I Remember Monessen
by Elma Passoja Niemela

I grew up on Motheral Avenue in the center of the Finnish section of Monessen. My father and Mike Warpula had a grocery store at the corner of Motheral Avenue and Fourth Street. It had been moved from downtown Monessen to this location in 1912. In an early advertisement, European foods like Finnish lingonberries, Finnish sardines, Norwegian sill, and salt salmon were recommended.

Other Finnish businesses in this area were Ruuti's Ice Cream parlor, Issac Saxberg's Tailor Shop and Heikkinen's Barber Shop. The three story Temperance Hall was also nearby.

One block away at the opposite end of Motheral Avenue was the Socialist Hall. Near this hall was Kuosmanen's Plumbing Supply Store, Seppeliini's Tailor Shop, Sampo Cooperative, and across the street was a blacksmith shop. At the corner of Motheral Avenue was Nevapeta's Shoe Store with Nahi's Dry Goods Store across the street. Ilmari Lehto's Nickelodeon was also near the Socialist Hall. It cost five cents to see the show. The accompaniment was a player piano that I sometimes played. The music was always sad regardless of the movie. Other stores in the area were Kitinoja's Ice Cream Parlor, Knuttila's Bakery and Tuori's Steam Bath. Tuori's also made soda pop.

Knuttila's Bakery was well known since it was the only Finnish Bakery in the area. Mr. Knuttila delivered for miles around. Every week he made "Kranssi" which was a special coffee bread with a hole in the center. The other coffee cakes were named Korvapuusti, Ankkastukki, and Assan Varri.

After my father went out of business, the Finns opened a cooperative with Mike Warpula as the manager. I worked there as a bookkeeper and made out the dividend checks to all the shareholders. Ellen Wiita and I also worked as clerks. Here we heard many different Finnish dialects. Apparently, some vegetables had different names in various regions of Finland.

The men spent a great deal of time on the steps of Ruuti's Ice Cream Store in the summertime. The talk was always about the tin mill. It got to be that Ellen and I knew the exact terminology for rolling tin plate as we listened to this conversation six days a week.

The single men whose families were still in Finland lived in boarding houses and took all their meals in the restaurant in the basement of the Temperance Hall. The lunches that they took to the mill were also packed there. The men sometimes invited Ellen and myself to have coffee at the hall. Ruuti's Ice Cream Store had a white marble counter and wire back chairs. In another room was a record player where Finnish music and popular tunes were played.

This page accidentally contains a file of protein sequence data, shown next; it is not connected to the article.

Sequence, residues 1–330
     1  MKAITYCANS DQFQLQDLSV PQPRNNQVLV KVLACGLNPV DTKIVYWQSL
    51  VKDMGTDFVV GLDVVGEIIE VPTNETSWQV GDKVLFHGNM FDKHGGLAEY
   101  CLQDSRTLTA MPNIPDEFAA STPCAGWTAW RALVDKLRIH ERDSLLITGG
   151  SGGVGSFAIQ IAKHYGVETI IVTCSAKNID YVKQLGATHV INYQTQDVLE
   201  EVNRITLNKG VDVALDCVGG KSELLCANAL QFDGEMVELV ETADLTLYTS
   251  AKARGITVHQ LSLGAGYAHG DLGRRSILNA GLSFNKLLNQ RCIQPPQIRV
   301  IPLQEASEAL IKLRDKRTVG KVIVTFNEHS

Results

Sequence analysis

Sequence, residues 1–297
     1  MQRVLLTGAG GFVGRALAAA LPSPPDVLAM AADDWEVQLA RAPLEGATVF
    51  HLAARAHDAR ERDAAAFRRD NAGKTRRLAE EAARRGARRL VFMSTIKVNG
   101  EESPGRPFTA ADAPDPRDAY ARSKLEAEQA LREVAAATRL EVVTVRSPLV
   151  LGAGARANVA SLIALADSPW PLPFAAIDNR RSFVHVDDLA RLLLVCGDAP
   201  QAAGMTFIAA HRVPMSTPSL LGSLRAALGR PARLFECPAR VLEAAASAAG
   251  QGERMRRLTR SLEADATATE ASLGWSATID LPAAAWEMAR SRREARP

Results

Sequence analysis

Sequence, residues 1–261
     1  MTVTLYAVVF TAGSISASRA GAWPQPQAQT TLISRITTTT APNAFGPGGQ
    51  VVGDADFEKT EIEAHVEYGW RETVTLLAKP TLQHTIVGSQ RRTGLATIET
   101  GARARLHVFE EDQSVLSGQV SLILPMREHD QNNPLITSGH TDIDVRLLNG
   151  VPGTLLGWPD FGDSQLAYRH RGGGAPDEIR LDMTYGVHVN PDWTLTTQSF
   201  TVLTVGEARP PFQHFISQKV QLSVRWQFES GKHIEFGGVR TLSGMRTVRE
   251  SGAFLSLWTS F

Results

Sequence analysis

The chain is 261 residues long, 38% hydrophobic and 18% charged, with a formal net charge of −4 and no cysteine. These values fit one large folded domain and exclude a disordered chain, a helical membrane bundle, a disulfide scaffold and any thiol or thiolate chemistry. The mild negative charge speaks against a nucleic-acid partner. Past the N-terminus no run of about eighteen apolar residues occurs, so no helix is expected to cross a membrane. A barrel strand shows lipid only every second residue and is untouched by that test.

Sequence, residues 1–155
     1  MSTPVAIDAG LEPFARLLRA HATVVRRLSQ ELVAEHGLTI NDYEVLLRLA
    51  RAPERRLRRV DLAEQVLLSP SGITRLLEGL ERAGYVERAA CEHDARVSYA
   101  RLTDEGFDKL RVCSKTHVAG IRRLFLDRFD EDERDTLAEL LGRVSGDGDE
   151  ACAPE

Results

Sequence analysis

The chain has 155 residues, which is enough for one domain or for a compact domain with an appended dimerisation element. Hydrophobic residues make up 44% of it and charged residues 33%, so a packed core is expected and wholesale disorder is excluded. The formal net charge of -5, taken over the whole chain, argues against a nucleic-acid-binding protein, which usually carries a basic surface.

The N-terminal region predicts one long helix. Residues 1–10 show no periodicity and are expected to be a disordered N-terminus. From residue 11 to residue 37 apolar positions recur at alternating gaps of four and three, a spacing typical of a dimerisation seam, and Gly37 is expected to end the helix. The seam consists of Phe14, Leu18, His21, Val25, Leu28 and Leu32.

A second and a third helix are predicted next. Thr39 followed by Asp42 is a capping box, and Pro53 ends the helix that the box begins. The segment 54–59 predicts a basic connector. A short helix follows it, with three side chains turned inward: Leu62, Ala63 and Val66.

My family was musically inclined. My father played trombone in the Louhi Band. I started to take piano lessons when I was six years old. My four brothers played instruments and became members of the Louhi Band, also. Brother Ernie became a professional musician and played for the Horace Heidt Orchestra and later in the NBC studios in Chicago. Brother Paul became a music teacher and was the last conductor of the Louhi Band. When I was still in grade school, I was asked to play piano in the high school orchestra when their pianist graduated. All the Finnish members of the high school orchestra also played in the Finnish Church Orchestra. Mr. Wahlstrom conducted both orchestras. He was also director of the Louhi Band and the Finnish chorus.

In our early teenage years we had to attend six weeks of summer school at the church each year. We learned to read in the Finnish language, and we studied Finnish history. This was done under the direction of the Finnish Lutheran pastor. At the time it was difficult to understand why we should spend our summers learning about Finland. It did come in handy many years later when I visited Finland.

The center of activity in the early Finnish community was the church on Reed Avenue, the Temperance Hall, and the Socialist Hall. In later years the Socialist Hall was the first to close. Many years later the Temperance Hall also closed.

During my childhood years the Temperance Hall was a busy place. The Louhi Band practiced there on Wednesday nights and Sunday mornings. There were gymnastics, wresting matches, plays, and dances. I performed in some of the plays. These plays were sometimes taken to other Finnish communities like Wierton, West Virginia and Ashtabula, Ohio. As a teenager I also played piano in a dance band.

The Finnish Lutheran Church has survived them all. It is now St. Luke's Lutheran Church and serves the needs of people of all origins. One of the church's most successful fund-raising activities is its bake sale. The men and women of the church use the old Finnish bakery recipes to bake bread and coffee bread (pulla) in the church kitchen. The Finnish heritage still lives on.

In 1925, I left Monessen to go into nurses training at West Penn Hospital. After graduation I continued on as a nurse at the same hospital for many years. Most of those years I was the head nurse in the pediatrics division. After my marriage to Charles Niemela, I came back to the Monongahela Valley and continued to be a nurse a the Charleroi-Monessen Hospital.

I remained a member of St. Luke's Lutheran Church. Although the services are now conducted only in English, the church is still a reminder of the past. Those early years were busy and happy years.

Learn more about the Louhi Band and Monessen Finnish culture
• The Monessen Finnish Louhi Band by Eva Niemela Passoja
• Paul Passoja, the Last Conductor of the Louhi Band by Everett Arthur Niemela

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